Please tell me what to do: Remember your call-to-action

Remember a call to actionMy phone rings and the person on the other end is asking me if I’d review their Web site. He/she says something like, “I paid a lot of money to have a Web site created & I loved the design. However, time has gone by and I haven’t had any inquiries . . . responses . . . sales.”

As a copywriter, I go to the site and am surprised by what I see or I should say, what I don’t see. One major aspect that is missing is the CALL TO ACTION. And, I don’t mean on one page. I mean a call to action on all the pages.

It may sound obvious, but it is vital that you tell your readers what it is you want them to do. Should they send for more information? Should they call or e-mail you? Do you want them to subscribe or register online?

And, this doesn’t just apply to websites, but to any marketing materials such as brochures, catalogs, direct mail, etc. For instance, in an interview published in the October 2010 edition of Deliver, John Jantsch of Duct Tape Marketing had this to say, “. . . you see so many ineffective uses of direct mail – pieces that don’t really offer a call to action, a place for someone to get more information. . . ”

So, look at your content and see if you’re incorporating any of these 9 tips:

1. If you have a toll free number, say so and highlight it in larger type.

2. If you take Apple Pay, PayPal, Square, Zelle, and/or credit cards, list which ones you accept.

3. If your product is sold by direct mail (yes, that still exists) ask the reader to fill out the order form and return it in the mail. Include a self-addressed envelope for their convenience. Put order forms in catalogs and reply cards in mailers.

4. If your product is sold at retail make sure you include the name and address of your store. Obvious, you say? I’ve seen ads that omit these important details. Perhaps you might include a coupon in your ad and ask the reader to clip it out and bring it in to you.

5. If possible, give prospects an incentive for responding NOW. Can you include a price-off coupon, a time-limited sale, a discount to the first 100 people who order, a free gift?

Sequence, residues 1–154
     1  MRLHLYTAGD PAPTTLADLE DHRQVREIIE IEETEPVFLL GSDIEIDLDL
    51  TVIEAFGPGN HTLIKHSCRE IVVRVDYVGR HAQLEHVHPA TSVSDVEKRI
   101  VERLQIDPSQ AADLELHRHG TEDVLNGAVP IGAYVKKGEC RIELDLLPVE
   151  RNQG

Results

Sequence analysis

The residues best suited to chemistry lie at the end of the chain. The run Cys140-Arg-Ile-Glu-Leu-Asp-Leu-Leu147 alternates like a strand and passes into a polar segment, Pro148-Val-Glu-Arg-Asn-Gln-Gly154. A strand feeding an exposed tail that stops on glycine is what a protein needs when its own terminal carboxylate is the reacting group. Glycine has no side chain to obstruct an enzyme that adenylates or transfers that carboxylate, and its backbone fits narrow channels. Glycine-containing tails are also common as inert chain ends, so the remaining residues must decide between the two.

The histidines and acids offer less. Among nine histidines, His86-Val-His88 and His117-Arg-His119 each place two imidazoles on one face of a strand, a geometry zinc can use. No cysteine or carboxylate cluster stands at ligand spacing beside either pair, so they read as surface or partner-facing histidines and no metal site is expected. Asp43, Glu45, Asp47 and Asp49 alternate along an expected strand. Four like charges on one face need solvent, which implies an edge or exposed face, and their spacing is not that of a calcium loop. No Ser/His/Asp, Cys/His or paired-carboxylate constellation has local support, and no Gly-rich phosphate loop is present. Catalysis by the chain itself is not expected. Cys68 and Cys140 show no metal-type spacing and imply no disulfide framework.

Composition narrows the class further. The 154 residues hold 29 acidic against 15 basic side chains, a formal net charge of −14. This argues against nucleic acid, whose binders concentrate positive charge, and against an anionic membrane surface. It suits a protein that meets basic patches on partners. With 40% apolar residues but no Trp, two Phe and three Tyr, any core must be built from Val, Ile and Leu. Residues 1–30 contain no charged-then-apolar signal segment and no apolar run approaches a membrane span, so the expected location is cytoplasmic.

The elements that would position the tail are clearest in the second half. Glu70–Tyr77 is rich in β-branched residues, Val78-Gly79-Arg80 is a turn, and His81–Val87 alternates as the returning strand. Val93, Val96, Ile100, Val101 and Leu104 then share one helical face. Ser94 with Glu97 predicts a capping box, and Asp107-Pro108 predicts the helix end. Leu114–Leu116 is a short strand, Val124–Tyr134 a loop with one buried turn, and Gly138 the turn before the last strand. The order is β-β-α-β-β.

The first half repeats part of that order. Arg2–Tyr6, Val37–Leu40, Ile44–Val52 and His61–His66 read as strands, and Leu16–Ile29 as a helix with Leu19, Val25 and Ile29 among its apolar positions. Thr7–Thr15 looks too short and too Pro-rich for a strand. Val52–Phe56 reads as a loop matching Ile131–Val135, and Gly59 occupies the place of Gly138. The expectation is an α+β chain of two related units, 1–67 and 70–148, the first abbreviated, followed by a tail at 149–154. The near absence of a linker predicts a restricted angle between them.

6. Make it easy for them to take action. On your website, include a button/link to the registration page. If you’re a retail store, include your company name, address and phone number. Include store hours and your various locations (if it applies).

7. Give them the opportunity to order for friends. If you’ve ever attended an online program you may have come across an offer like this, “Register now, bring a friend and your friend gets 50% off.” A colleague of mine holds live events and his early-bird offer is “Buy your ticket now at this special savings and bring a friend for free.” Both are great ideas.

8. Give them the opportunity to spread out their payments. Pay $997 today or 3 easy payments of $347.

9. Let them know their satisfaction is guaranteed. A written guarantee relieves risk, especially when selling through mail order or on the Web. Read about 4 ways to write great guarantees here.

When discussing this with one client he said, “My phone number is on my Web page.” And, it was – in tiny type at the bottom of the page. Nowhere did the content say “call me today,” or “drop me an e-mail.” If you want to hear from your prospects, visitors to your site, clients, etc. don’t forget to tell them so.

Take another look at your marketing materials. Yes, your phone number might be in there along with your e-mail. However, it’s not enough to just put them in there and hope for the best. Ask your prospects to respond and make it easy for them to do so.

Want to give me your thoughts on the subject? Drop me a line because I’d love to hear from you. Thanks a million and here’s to your sweet success.